“She was the girl next door,” Savel said. “Everyone loved her, and we were basically shooting it in the foot and hoping it didn’t bleed out.”
Privately, ABC had many of the same fears, and executives said they would not officially approve the episode until they had seen a fully formed script, Green remembered.
But Disney, which had acquired ABC in 1995, loved the idea, and pushed ABC to make it happen. By 1996, Disney’s corporate culture had already become much more LGBTQ-friendly than ABC’s. The company had multiple gay executives. It hosted “gay days at the park,” said Pete Aronson, then an executive vice president at Disney. Dean Valentine, then the president of Walt Disney Television, told DeGeneres that he wanted her team to take the idea as far as they could, and really challenge people.
When people hear that I surf, I get a knowing nod of awesomeness from the terra firma-bound. I know what they’re picturing: me on a thruster, carving up and down a wave face until I casually kick out the back to paddle out to the line up for another. The truth is that most surfers don’t come close to what we see in highlight videos. But pretty’s not the point. The point is the patience and perseverance it requires to get back on the board and try again. After a surf instructor pushed me into my first wave, it took me five years to catch one on my own.
When I do catch a wave and feel the glide, I’ll hold onto that feeling for hours, days or even weeks. I’m hooked on the pursuit of those moments, however elusive they may be. But it’s not the momentary high that has sustained me. In the process of trying to attain a few moments of bliss, I experience something else: patience and humility, definitely, but also freedom. Freedom to pursue the futile. And the freedom to suck without caring is revelatory.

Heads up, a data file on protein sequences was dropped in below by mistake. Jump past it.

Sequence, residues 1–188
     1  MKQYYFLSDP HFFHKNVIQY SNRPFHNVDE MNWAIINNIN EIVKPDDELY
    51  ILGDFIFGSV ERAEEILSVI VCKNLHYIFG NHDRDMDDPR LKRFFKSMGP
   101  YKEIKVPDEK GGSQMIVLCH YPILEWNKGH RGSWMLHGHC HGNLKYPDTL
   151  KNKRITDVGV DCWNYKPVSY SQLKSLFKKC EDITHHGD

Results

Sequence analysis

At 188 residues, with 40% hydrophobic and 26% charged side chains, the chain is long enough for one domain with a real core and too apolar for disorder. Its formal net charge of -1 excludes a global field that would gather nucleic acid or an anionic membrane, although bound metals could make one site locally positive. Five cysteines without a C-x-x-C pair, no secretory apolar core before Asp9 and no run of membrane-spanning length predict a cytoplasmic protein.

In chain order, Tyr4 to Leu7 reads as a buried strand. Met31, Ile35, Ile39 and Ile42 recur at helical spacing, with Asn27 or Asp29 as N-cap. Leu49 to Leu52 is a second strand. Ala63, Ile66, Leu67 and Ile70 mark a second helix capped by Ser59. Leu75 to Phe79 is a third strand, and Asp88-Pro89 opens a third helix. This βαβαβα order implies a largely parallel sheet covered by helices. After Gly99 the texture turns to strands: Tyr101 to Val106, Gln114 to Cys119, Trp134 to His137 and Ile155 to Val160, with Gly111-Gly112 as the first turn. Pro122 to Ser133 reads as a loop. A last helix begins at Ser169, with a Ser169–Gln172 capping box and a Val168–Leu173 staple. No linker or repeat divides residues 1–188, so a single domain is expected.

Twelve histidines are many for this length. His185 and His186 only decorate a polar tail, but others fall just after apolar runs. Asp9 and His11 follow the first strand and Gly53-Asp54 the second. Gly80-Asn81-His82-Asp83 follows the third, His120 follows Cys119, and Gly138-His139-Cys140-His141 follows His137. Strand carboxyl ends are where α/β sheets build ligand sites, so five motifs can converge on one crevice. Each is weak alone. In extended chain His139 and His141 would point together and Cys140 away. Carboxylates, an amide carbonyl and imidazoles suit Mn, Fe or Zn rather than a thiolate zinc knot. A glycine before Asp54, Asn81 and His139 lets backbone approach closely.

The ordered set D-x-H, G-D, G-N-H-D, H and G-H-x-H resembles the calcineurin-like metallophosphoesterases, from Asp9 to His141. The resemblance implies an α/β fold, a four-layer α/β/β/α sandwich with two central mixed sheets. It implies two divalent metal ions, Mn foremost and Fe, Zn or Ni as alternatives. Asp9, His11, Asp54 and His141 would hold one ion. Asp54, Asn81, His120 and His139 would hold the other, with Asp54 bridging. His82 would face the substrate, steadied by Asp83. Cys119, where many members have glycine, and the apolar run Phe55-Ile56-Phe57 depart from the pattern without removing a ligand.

Bausch’s latest book is aptly titled. The 14 stories in “Living in the Weather of the World” inhabit places where the outlook for their characters is uncertain at best and cataclysmic at worst. Here love and marriage are brittle, people are driven by lust and desire they barely comprehend, and a lack of self-knowledge can ruin a man’s life just as surely as a loaded gun. Sometimes the action is galvanic, an explosive moment that puts the reader in mind of Flannery O’Connor’s ability to open out a story into dangerous, unknown territory. And, like O’Connor, Bausch is able to pull a story back from melodrama, no matter how sudden or dramatic the turn of events.
“The Outrun” becomes a kind of personal travelogue of the Orkney Islands, their numinous geology and mystical history, from the unique perspective of one who is both an outsider and a native. One imagines Liptrot writing these pages in the spectacular solitude she finds there, writing as much to stave off loneliness as to mine its many gifts, just as alcohol was once both the problem and the solution. It is a hard battle, and the push and pull, the urge to stay and to go, like the wind and the waves, never stops.